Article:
Kaylee Hurley has always loved playing sports. That made what happened to her when she was just a sixth grader all the more difficult.
“I had a spinal cord stroke, which is a loss of blood flow into spinal cord,” said Hurley, now a senior at McClain High School in Greenfield, Ohio. “It happens to .1 percent of people my age.”
She was hospitalized for nearly four months as doctors ran tests in search of the cause.
“It could’ve been something as simple as arching my back wrong way,” said Hurley. “It’s just extremely rare.”
She admitted she had low points as she came to grips with being wheelchair-bound, but she got over it quicker than many other people would.
“I think I’ve always been pretty optimistic person,” said Hurley. “Instead of dwelling on it, I realized there were other people in the hospital who were worse off than me. I had a lot to be thankful for still.”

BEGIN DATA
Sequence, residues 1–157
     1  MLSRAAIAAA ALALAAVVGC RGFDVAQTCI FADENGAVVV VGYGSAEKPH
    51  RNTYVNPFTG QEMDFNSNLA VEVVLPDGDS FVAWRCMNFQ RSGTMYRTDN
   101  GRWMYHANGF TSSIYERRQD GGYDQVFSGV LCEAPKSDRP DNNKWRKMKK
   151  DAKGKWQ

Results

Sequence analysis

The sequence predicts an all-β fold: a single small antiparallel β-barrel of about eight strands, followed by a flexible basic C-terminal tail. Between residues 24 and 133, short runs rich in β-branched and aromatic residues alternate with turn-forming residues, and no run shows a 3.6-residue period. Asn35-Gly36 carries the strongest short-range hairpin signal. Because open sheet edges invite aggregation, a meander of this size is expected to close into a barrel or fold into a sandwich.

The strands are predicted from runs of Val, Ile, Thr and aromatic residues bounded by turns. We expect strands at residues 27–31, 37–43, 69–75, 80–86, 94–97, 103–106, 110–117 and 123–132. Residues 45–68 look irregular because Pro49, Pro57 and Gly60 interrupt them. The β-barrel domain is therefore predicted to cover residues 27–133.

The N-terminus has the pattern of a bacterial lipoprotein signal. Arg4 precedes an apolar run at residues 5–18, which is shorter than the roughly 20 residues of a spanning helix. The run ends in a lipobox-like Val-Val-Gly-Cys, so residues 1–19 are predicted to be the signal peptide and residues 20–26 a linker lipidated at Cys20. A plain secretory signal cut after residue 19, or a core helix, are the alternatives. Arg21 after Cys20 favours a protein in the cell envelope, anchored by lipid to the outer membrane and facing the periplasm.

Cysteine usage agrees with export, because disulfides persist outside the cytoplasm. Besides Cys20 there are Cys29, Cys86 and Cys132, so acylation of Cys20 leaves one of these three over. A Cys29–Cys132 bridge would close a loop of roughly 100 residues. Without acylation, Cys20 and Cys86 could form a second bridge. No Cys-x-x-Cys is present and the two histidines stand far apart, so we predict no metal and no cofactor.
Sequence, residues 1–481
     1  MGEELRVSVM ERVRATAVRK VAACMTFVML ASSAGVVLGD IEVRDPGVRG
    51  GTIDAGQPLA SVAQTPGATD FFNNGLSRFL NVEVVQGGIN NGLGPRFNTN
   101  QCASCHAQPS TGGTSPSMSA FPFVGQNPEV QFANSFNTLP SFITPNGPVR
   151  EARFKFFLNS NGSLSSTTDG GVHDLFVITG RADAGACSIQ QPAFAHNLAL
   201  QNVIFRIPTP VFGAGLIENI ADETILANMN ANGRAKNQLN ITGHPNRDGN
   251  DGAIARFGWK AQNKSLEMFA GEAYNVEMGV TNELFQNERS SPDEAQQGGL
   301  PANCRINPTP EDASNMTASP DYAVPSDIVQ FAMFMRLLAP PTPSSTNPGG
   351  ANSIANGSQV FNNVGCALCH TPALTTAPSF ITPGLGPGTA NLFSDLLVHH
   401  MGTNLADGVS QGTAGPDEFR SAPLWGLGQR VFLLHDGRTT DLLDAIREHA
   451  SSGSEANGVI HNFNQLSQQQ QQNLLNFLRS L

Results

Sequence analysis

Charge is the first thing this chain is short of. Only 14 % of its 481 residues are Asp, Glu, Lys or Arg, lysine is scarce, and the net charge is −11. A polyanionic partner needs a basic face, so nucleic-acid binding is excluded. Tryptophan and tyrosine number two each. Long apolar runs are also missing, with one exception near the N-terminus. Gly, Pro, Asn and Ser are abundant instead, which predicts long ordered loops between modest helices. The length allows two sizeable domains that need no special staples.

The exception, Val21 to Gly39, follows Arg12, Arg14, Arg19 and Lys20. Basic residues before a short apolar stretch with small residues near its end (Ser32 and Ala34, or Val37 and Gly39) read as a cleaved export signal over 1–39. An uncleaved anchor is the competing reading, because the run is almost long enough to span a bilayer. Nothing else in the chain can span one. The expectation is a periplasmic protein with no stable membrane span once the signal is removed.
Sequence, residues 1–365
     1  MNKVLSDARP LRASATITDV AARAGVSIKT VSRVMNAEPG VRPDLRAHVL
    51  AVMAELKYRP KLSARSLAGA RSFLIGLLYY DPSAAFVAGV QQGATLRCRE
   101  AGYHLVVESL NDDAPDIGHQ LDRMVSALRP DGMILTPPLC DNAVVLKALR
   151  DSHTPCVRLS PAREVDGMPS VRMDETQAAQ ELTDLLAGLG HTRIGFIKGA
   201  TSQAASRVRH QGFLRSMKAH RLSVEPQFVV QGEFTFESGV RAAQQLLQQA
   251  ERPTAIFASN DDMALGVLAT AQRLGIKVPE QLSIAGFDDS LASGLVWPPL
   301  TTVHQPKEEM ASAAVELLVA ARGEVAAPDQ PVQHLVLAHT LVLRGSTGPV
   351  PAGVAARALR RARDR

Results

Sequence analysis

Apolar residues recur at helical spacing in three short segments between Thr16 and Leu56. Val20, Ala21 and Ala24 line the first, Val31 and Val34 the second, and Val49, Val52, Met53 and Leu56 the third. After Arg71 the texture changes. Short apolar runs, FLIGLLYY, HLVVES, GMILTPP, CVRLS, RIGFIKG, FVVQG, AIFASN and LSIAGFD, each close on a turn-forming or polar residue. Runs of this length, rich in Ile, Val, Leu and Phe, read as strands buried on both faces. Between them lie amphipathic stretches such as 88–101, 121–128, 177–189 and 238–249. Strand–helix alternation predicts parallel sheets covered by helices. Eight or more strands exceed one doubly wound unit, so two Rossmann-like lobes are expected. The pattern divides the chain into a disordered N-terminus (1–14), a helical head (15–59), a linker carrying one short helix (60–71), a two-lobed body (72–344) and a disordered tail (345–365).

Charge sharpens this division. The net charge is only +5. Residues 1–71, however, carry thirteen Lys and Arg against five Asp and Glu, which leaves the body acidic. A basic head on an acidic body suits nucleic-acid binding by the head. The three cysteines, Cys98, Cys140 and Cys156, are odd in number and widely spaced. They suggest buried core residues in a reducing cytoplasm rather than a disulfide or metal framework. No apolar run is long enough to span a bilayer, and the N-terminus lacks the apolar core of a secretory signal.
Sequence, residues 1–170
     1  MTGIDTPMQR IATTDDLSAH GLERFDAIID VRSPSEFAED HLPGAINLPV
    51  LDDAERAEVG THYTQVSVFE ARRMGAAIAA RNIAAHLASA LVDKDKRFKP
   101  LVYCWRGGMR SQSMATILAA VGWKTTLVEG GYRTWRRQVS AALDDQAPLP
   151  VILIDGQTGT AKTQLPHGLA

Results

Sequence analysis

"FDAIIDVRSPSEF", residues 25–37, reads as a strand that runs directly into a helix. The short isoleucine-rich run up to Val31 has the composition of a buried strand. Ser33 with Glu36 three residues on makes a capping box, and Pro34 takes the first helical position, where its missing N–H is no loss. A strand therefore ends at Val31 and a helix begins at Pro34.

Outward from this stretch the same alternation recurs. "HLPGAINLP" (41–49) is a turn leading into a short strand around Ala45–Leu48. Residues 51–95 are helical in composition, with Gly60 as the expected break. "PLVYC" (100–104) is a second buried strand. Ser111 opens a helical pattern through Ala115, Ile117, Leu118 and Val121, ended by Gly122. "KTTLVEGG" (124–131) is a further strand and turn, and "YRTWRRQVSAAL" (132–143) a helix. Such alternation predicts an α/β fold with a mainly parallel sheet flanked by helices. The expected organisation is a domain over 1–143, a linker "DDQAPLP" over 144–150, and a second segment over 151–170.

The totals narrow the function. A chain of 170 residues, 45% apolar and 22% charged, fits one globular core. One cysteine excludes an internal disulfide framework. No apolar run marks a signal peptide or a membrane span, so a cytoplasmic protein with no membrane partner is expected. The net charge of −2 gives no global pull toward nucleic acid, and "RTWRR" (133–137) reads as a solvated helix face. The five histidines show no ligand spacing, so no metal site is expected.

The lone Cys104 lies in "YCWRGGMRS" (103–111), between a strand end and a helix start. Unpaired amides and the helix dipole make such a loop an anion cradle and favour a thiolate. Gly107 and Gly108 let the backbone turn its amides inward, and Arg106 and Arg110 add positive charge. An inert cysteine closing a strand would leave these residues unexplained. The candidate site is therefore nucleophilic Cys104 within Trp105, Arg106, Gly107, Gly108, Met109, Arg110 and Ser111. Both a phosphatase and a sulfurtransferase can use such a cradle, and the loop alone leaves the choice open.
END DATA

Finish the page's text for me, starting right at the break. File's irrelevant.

That includes sports. Soon after she left the hospital, Hurley researched adaptive sports and discovered seated racing. Now, Hurley competes in a number of adaptive track-and-field events, including the shot put and the 100-, 400- and 800-meter races.
“I like distance races more than sprints,” she said. “You can start at a pace and speed up at the end. I go at a fast pace. I’m probably at about 80 percent and on the last lap, 300 meters in, I go about 100.”
To compete Hurley had to completely retrain her body.
“Most of the sports I used to play didn’t require an excessive amount of upper body strength,” said Hurley. “My strength wasn’t endurance, either. I had to learn how to run with my arms.”
All the work has paid off. This year, Hurley qualified for four state wheelchair events for the third consecutive year. She took home three gold medals and a silver. She also won the shot put event at the Adaptive Sports USA Junior Nationals in Wisconsin in July.
Now, Hurley’s goals are even higher, and there is no reason to believe she won’t meet them. After everything she’s been through, it’s clear that nothing can stop her.
(PHOTO: Highland County Press/Stephen Forsha)